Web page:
It appears that local businesses in New Braunfels have won their battle to overturn the city's disposable container ordinance.
A judge indicating Monday to the attorneys that he will side with the businesses, effectively ending the city's so-called "can ban" and cooler regulations.
Since the city of New Braunfels put its disposable container ordinance in effect last year, local businesses that rely on river tourism have reported a major decrease in business.
According to their attorney Jim Ewbank, revenues were down 50 percent last summer.
"The fact of the matter is once this became known all over the state that the disposable container ban was in place, then there was a huge decrease in the number of people that came and rented tubes and purchased food and beverage in disposable containers -- a 50 percent decrease," Jim Ewbank said in a phone interview.
Ewbank said the judge hearing the case has indicated in a letter that he will side with the businesses, finding the disposable container ban and a second ordinance regulating the size of coolers unconstitutional and unenforceable by the city.
Despite the legal victory, Ewbank expects the city to appeal the decision.
"The city may appeal it. That's been their practice in the past to try and delay the inevitable and to incur significant costs and fees that are unnecessary and are a burden upon the taxpayers for ordinances that have now been declared unconstitutional," Ewbank said.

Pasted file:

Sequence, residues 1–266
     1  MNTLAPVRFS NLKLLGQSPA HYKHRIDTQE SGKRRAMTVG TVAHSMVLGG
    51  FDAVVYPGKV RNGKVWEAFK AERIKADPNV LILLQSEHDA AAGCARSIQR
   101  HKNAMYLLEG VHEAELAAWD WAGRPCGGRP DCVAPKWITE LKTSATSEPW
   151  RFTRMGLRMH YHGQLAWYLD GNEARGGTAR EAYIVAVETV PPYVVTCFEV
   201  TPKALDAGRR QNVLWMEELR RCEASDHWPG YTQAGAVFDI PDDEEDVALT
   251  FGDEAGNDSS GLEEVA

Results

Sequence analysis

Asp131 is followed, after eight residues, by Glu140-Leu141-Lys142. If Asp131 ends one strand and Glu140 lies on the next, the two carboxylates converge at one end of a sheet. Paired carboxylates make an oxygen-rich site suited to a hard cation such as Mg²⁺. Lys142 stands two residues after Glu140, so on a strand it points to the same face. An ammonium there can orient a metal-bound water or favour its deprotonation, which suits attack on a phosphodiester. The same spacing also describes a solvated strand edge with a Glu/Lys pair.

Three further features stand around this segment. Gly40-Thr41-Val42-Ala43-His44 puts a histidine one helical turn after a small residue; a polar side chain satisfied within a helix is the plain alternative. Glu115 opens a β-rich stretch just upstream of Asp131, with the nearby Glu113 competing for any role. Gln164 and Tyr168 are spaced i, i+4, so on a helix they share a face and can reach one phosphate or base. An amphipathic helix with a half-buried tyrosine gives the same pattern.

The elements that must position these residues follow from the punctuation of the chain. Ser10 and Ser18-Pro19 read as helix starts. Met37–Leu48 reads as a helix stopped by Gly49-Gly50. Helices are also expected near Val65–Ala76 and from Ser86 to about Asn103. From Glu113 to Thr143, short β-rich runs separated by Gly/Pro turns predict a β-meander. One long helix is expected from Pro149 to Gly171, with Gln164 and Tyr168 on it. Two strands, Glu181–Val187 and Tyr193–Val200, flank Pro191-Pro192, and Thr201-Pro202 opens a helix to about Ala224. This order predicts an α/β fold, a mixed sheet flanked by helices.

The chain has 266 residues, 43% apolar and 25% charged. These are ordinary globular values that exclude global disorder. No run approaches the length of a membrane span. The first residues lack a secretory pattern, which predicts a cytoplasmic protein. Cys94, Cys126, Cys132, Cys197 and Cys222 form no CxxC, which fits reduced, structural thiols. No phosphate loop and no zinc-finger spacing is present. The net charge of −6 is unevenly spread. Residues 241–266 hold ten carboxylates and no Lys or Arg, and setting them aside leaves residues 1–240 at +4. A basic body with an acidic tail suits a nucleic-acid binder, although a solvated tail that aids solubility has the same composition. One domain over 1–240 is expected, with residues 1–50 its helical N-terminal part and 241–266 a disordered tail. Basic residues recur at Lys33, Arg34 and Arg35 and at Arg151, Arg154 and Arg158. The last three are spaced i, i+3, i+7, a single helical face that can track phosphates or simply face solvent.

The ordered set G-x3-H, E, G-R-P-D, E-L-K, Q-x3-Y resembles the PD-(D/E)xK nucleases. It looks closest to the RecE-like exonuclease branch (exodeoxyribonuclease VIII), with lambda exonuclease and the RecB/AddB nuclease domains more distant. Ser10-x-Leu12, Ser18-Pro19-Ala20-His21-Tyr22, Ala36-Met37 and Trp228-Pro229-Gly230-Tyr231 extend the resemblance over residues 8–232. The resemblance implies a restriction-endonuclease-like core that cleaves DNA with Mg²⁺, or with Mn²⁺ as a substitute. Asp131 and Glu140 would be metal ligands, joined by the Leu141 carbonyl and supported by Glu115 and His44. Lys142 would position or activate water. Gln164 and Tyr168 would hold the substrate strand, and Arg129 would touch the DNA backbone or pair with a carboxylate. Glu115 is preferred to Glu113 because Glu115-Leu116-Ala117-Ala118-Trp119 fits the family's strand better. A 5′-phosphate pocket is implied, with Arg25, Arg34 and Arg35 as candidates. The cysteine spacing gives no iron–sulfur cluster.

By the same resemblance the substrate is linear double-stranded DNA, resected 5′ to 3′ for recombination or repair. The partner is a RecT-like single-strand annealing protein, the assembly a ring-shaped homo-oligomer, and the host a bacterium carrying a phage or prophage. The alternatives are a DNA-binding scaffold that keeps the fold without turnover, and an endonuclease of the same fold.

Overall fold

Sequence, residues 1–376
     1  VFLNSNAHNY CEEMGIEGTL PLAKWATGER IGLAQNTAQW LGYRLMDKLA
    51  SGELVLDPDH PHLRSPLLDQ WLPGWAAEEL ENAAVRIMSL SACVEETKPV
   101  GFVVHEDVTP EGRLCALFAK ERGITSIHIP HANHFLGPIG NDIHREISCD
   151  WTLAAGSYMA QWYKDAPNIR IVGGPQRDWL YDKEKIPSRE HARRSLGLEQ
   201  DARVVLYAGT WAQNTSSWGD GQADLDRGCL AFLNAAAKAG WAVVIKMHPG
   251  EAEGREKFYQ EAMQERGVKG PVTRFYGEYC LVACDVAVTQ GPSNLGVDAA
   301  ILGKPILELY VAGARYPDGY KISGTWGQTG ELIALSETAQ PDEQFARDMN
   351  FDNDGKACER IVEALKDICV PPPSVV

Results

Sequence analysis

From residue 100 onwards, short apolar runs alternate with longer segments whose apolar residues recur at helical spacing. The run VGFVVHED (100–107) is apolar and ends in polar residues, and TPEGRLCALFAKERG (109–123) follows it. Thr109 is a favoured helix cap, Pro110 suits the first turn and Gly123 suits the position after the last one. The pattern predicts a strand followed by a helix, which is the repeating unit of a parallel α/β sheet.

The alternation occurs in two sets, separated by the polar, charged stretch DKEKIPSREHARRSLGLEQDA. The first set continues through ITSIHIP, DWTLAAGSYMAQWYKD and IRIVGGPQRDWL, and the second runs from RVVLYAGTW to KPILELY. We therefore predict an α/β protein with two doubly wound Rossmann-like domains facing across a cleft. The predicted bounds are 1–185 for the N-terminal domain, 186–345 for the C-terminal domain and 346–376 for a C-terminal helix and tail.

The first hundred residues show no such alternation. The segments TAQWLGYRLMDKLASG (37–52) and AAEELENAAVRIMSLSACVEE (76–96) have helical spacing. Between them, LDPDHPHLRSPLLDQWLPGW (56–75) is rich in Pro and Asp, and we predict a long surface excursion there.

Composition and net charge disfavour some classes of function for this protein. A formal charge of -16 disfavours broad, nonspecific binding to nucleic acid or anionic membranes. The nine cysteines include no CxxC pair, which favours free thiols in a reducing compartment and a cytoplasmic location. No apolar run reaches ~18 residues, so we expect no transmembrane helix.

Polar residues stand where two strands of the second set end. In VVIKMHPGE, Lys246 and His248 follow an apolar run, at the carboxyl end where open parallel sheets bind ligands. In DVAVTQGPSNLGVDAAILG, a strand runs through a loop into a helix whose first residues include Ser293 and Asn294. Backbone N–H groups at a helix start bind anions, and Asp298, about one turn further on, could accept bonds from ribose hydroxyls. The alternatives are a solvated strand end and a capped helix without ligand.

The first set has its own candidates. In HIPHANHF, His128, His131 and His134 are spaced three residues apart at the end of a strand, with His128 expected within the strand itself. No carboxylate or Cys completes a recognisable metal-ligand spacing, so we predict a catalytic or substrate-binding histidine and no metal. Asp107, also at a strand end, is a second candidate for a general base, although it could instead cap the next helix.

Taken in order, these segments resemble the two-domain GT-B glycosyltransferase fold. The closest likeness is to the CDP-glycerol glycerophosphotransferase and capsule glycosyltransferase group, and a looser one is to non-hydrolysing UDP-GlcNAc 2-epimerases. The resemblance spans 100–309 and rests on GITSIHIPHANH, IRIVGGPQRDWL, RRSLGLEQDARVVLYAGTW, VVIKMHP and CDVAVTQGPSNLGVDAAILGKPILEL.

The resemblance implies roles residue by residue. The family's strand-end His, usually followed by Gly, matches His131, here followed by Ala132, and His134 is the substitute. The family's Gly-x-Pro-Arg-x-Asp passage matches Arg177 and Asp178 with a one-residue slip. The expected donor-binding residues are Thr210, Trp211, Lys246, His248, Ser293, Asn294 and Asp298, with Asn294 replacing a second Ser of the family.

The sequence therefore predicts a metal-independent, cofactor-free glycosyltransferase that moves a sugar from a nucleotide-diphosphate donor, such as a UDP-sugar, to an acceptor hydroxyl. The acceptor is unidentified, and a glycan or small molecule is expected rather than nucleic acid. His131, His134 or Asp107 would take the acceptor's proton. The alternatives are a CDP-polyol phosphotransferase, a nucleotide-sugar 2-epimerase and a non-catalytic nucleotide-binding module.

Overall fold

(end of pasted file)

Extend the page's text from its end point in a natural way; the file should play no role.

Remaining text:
The decision may have come too late for a two local businesses that were part of the lawsuit. Ewbank said the decrease in river tourism was too much for them handle.
"There have been two of the smaller outfitters that have simply not been able to maintain their business with that sort of decrease," Ewbank said.
Instead of more costly legal battles, Ewbank is hopeful both sides can sit down and hammer out an agreement to move forward.
"We would like to sit down with the city and work out a mutual solution that achieves the balances and the goals of both parties, which is to control the pollution and control the litter in the rivers and allow people to come out and have a good time," Ewbank said.
The city of New Braunfels refused to comment on the latest legal development.
An attorney representing the city in this case said he wants to withhold comment until the ruling is officially made by the judge.
In the meantime, he plans to talk with the city council to explain their options moving forward.
If the ruling stands, local businesses and river outfitters are hopeful the ordinances will be repealed in time for tubing season this summer.